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May 2012, Vol. 14, No. 5 There are now   5083   people reading TVR. ISSN 1542-7080

Robert Hartwell Fiske's Disagreeable English
A Bimonthly Bulletin of Misused, Misspelled, and Mispronounced English

Six times a year, we will email you this addendum to Robert Hartwell Fiske's Dictionary of Unendurable English. Each bulletin will include new examples of misused, misspelled, or mispronounced English.

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Views of Vocabula   Calendar Robert Hartwell Fiske, Editor and Publisher

 Discuss This Article

I don't read that the author is "sneering" at job training at all. His description of the efficacy of boot camp and jump school demonstrates his respect for the utility of training. His objection is that the university is being (has been?) drafted as a place to receive job training. The university in the traditional sense is a repository for the universe of knowledge. John Kilgore even used the term "monastery," when describing this view. The president of Yale told the incoming freshman class at orientation at least once "If you want to go to college to learn how to make a living, go to a trade school. At Yale, you learn how to live, and if you know how to live, making a living will always follow." ... — What do you say?

Terrific essay. I wish more people (especially women, if I may say so) would speak out against this lunacy. In case you haven't seen it, I highly recommend the Guidelines for Gender-Fair Use of Languageof the National Council of Teachers of English, an entertaining manifesto rife with examples of the silly arkwardness that comes with political correctness. ... — What do you say?

It is a shame that poems are no longer read in school. Someone needs to know what poetry can be, other than most of the crud we see currently. These days, all one has to do is break a paragraph into "verse paragraphs," call it a poem, and voila! Rhyme, meter that is intelligible and not so precious as to be unrecognizable by anyone not schooled in "prosody," the traditional poetic forms make poetry. Instead we get the vaporings of people who should keep their diaries to themselves. I invite anyone to defend contemporary poetry against these charges of commonness and mediocrity. — What do you say?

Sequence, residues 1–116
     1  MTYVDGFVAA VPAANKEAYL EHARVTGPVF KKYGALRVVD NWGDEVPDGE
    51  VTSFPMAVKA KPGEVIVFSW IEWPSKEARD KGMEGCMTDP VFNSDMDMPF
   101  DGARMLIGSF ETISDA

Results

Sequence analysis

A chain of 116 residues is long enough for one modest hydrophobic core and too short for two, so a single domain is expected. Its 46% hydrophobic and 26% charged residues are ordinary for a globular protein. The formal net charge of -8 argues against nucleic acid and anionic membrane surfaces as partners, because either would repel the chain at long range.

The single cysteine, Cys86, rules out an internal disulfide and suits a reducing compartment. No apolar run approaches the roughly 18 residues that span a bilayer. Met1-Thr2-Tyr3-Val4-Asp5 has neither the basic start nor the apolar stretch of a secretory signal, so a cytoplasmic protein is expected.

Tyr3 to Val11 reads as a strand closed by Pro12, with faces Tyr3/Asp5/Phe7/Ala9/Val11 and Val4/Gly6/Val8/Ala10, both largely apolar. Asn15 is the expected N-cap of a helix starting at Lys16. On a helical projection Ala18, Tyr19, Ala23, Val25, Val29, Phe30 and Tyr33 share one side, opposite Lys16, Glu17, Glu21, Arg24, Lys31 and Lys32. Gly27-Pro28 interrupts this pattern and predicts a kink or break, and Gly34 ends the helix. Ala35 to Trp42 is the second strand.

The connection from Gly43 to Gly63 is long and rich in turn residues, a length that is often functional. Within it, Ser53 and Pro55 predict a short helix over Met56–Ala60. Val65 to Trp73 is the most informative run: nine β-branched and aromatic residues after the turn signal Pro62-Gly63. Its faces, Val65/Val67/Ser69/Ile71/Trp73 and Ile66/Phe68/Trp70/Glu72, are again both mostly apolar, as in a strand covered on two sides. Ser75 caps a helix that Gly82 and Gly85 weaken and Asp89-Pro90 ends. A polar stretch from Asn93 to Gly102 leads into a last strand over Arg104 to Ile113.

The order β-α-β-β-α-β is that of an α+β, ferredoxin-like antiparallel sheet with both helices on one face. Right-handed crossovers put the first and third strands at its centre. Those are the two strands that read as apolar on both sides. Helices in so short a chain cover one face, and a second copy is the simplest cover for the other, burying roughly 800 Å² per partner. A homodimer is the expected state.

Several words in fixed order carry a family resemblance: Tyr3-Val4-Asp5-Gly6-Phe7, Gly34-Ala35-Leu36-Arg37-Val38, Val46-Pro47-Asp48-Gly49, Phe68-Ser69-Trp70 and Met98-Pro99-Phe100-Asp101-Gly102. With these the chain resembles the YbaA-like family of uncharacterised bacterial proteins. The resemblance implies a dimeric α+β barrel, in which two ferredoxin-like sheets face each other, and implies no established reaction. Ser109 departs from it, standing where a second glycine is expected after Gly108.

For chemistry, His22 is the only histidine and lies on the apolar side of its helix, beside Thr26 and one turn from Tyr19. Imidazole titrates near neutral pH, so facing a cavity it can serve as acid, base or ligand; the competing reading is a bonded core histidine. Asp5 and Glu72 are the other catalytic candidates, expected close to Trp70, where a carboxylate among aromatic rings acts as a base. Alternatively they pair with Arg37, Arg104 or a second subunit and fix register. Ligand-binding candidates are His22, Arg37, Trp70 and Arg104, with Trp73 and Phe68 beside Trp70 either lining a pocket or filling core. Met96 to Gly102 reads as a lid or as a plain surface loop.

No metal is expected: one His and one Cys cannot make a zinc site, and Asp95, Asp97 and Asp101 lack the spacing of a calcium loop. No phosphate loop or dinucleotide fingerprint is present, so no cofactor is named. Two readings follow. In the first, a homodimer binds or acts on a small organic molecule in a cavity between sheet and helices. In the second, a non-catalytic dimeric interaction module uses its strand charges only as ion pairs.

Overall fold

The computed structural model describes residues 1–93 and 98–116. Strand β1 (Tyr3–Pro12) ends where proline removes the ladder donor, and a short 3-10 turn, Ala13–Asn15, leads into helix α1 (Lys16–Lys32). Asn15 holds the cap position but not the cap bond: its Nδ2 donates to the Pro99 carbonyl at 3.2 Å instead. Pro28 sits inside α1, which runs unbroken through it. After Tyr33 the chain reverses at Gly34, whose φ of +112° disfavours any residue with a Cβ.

Your lengthy repost to that ass dignifuies the Yahoo and treats him as if he were a peer. He isn't and, to my way of thinking, a "Whatever...." would have sufficed as your response. Or, as the inimitable Monty Python would say, so might you say to the man, "I fart in your general direction." ... — What do you say?

Your article is an incredibly rich and highly enjoyable contribution. ... — What do you say?

The pronouncements of eminent, respectable people carry no weight with me. Abolish the apostrophe? Never. We need it to indicate possession, though I would have no problem with the abolition of contractions. It's a simple bit of punctuation, and we shouldn't capitulate to the slobs who can't be bothered to use it correctly. Like my drill sergeant used to say, "Ignorance is no excuse!" I also think you gave too much away when you capitulated to your slob roommates. — What do you say?

As always, your essay today is a delight. Howsomever, if Homer be none the less Homeric for his infamous nodding, you are still the delightful you for your nodding concerning Swift's Houyhnhnms. Sir: Swift's Houyhnhnms are, not to mince words, horses' asses!--rather akin to our "Public Intellectuals". They are NOT intelligent; they are pompous (horses') asses--think Chomsky. Be ever well and keep up the delightful writing for TVR. — What do you say?

Robert Hartwell Fiske's Dictionary of Unendurable English